Ford’s new pick-up faces tough competition, but having lived with a Ranger Limited for six months we reckon it goes to the top of the class. James Dallas reports.
Having spent more than six months on our fleet, during which time we put about 7000 miles under its 17-inch alloy wheels, our long-term Ford Ranger has moved on to pastures new.
The new Ranger embodies a considerable step up in sophistication and comfort compared with its predecessor, and is impressively well upholstered, too.
Powered by a 2.2-litre 150hp Duratorq TDCi powertrain, we opted for the six-speed manual transmission over the automatic also available.
Out on the open road our Ranger’s imperious performance was impressive. The gear change is tight and well-spaced while the rack and pinion steering is responsive and predictable and, just as Ford promised, more car-like than before.
Motorway cruising is made more relaxing by the first-rate cruise control, simply operated by steering wheel-mounted buttons. There is no shortage of power on tap either.
Negotiating the mean and narrow streets of south London took more getting used to. The gearchange can be a little notchy when having to be shifted frequently under stop/start conditions, and potholes and speed humps cause bumps and jolts, particularly for rear seat passengers when there is no load on board.
Manoeuvring the Ranger’s considerable bulk into tight parking spaces is made considerably less hazardous by the parking sensors that come as standard with the Limited, and stress levels are diminished further by the excellent parking camera incorporated into the rear view mirror. This springs into life as soon as reverse gear is engaged, providing a clearly marked gridded area in which to back up. This feature, however, is bundled in with the satellite navigation system and will set you back £750.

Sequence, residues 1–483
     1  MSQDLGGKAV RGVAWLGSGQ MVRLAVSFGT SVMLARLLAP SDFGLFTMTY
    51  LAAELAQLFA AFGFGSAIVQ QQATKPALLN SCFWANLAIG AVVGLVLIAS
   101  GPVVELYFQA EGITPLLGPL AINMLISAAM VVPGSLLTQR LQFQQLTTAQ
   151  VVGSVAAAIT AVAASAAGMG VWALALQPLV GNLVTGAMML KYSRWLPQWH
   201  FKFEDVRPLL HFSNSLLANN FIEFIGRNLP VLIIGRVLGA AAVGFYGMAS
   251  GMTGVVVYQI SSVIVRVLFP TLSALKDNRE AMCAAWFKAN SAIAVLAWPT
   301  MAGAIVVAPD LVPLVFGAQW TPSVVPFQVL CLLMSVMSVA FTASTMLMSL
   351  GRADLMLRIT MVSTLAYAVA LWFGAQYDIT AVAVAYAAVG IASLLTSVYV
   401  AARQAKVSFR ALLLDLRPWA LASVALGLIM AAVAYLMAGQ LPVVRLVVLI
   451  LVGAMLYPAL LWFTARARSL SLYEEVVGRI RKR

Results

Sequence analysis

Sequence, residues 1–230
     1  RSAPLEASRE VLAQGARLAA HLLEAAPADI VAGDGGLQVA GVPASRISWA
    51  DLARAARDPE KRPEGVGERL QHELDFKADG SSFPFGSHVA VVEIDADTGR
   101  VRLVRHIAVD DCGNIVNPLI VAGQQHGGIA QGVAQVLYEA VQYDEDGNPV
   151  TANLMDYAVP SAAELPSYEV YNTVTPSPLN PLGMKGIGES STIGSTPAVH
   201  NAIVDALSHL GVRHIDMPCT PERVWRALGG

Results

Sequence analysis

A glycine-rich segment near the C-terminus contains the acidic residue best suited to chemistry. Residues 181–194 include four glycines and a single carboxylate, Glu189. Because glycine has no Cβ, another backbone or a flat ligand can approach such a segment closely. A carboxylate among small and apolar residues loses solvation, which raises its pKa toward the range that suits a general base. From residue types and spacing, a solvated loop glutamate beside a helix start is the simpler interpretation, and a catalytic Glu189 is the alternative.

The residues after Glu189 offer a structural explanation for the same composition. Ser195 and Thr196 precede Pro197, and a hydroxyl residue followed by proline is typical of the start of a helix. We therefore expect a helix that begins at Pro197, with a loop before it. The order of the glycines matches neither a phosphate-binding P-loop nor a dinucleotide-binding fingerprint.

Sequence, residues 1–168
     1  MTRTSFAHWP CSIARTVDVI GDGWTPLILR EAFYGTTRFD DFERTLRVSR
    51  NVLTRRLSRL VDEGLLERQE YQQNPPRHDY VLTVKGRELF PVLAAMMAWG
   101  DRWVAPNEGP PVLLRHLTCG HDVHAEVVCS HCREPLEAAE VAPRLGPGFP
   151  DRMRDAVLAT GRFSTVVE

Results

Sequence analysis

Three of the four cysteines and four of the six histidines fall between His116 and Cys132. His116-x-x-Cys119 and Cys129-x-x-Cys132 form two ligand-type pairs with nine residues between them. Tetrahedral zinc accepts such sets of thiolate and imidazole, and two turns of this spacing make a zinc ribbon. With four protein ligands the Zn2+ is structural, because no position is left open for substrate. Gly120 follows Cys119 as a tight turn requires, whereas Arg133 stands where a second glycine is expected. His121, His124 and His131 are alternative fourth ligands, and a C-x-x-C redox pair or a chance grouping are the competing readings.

Not long after we’d taken delivery of our Ranger we sent it back to base to be fitted with a Truckman cover for its load area. This £2040 (excluding VAT) addition is colour-coded in Ford’s Performance Blue and blends in harmoniously with the rest of the vehicle, in contrast to such additions on other vehicles, which can look incongruously wonky when foisted on to the base pick-up.
We quickly put our new weather-proof load box to use by filling it with old furniture, garden waste and camping equipment (not all at once). The chunky, robust tailgate opens flat to 90º and feels capable of supporting a block of granite, let alone the bunch of kids who were fond of using it as a bench seat. The tailgate locks up firmly – with the ignition key securing the lower door and a separate key used for the upper, glazed section. The relatively high load floor height of 835mm, however, can make lifting heavy objects into the boot awkward.
Our Ranger’s adventures off the beaten track consisted of bowling along rough country tracks and happily sploshing through sodden camping fields, but having attended the model’s launch in the South African outback we have experienced its formidable off-road ability, which is aided by its class-leading water-wading capacity of 800mm and ground clearance of 232mm.
Switching between 4x2 and 4x4 high and low modes can be done easily with a knob on the centre console, and despite occasional eccentricities the satnav is reliable and user-friendly. The environment inside the Limited’s spacious cabin is classy and comfortable, enhanced by leather seats, high quality black and silver plastics and robust, easy to use knobs and switches.
Matching Ford’s official combined cycle fuel consumption figure of 32.8mpg proved to be beyond us, but the Ranger’s all-round strengths – which include class-leading payload and towing capacities, not to mention a five-star NCAP crash test rating – make a compelling case for it to be crowned the king of the pick-ups.